A majority of Americans believe that smartphones will replace credit cards for payment transactions in the future, but not quite as many are ready to adopt this technology just yet, according to recent report from Harris Interactive.
A Harris Poll conducted by Harris Interactive between November 14 and 19, 2012 found that 66 percent of Americans see smartphone payments replacing credit cards and 61 percent see smartphone payments replacing cash – eventually.
“Eventually” is the key work in that statement, as those aforementioned percentages fall to 32 and 26 percent, respectively, if the additional disclaimer of “within five years” is added to the statement.
And while 44 percent of smartphone users and 27 percent of Americans overall report some interest in using smartphone payments to potentially replace credit cards and/or cash, a far lower percentage are very interested in the technology.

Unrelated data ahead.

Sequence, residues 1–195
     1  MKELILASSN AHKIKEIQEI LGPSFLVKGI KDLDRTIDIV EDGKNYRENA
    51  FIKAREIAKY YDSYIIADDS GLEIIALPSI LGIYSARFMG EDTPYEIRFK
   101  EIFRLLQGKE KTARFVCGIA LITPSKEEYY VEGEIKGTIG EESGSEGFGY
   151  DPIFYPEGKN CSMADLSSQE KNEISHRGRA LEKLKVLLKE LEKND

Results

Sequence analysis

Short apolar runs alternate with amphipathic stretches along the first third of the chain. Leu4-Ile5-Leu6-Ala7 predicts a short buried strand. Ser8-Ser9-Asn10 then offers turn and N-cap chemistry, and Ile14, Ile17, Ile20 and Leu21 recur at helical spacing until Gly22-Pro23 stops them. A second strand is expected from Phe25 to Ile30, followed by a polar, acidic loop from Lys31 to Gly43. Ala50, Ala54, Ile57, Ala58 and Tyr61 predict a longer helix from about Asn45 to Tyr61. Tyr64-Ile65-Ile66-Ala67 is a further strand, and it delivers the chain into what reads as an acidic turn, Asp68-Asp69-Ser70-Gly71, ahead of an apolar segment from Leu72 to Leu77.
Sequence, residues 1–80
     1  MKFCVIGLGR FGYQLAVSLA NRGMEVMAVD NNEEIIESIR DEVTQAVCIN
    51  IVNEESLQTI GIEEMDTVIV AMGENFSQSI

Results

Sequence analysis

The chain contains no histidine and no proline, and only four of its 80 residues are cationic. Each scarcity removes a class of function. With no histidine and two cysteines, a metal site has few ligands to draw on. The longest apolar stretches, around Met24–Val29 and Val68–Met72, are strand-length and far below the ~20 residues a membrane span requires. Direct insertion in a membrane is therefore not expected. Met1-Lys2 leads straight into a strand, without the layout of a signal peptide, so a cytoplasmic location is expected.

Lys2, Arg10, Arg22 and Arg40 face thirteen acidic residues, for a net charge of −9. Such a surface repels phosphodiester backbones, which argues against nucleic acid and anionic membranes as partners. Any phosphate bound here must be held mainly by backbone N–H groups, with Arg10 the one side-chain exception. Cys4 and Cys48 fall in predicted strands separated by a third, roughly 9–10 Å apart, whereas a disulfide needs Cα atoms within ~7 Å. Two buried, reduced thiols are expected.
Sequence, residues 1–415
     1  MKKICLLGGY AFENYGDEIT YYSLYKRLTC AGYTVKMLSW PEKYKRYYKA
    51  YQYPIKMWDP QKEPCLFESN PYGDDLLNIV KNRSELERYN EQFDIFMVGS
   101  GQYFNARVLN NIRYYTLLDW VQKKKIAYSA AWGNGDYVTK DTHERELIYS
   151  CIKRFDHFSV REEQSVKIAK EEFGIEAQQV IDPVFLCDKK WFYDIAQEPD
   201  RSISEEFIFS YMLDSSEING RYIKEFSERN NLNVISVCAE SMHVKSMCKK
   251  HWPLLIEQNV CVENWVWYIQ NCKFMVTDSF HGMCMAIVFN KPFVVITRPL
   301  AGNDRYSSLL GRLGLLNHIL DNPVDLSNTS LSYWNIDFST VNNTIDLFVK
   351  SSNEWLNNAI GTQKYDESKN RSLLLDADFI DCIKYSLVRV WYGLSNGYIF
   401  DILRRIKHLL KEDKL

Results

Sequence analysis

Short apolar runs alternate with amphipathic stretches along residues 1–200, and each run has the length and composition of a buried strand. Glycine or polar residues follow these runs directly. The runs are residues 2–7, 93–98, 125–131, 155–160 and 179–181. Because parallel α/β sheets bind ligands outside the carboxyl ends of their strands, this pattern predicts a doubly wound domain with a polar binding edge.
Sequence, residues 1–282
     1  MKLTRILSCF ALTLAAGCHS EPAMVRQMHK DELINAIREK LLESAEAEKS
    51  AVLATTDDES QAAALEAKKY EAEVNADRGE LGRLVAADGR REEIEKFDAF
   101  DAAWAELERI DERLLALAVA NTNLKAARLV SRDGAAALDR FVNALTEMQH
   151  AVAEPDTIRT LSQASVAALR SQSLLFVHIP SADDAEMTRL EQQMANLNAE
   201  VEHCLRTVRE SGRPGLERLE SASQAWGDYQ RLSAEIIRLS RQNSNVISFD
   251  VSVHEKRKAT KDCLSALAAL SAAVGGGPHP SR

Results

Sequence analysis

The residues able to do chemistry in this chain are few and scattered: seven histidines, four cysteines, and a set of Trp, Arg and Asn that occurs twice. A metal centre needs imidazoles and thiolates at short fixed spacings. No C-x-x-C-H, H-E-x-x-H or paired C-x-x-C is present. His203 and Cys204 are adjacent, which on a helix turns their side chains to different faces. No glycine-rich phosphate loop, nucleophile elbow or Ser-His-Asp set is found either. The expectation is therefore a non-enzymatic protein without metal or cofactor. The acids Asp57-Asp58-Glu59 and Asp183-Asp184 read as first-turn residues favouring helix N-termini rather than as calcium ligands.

Just 16 percent of smartphone users and 8 percent of Americans overall are currently “very interested” in utilizing smartphone payments in this manner.
Within the group of respondents indicating some interest in smartphone payment technology, security is the overwhelming concern. More than half of these respondents – 51 percent – don’t want sensitive information to be stored on their phone, while 40 percent say that they don’t want to transmit sensitive information to the merchant’s device.
Security is also the top concern of current smartphone owners that don’t currently have interest in smartphone payments. Of those not interested in utilizing smartphone payments, 68 percent are concerned about storing sensitive information on their phones, and 51 percent are concerned about transmitting sensitive information to the merchant’s device.
Other than security, other basic factors could contribute to slow adoption of smartphone payments, as well. More than half of respondents (52 percent) say they don’t see a real reason to switch from cash and/or credit cards, while 50 percent simply don’t use a smartphone.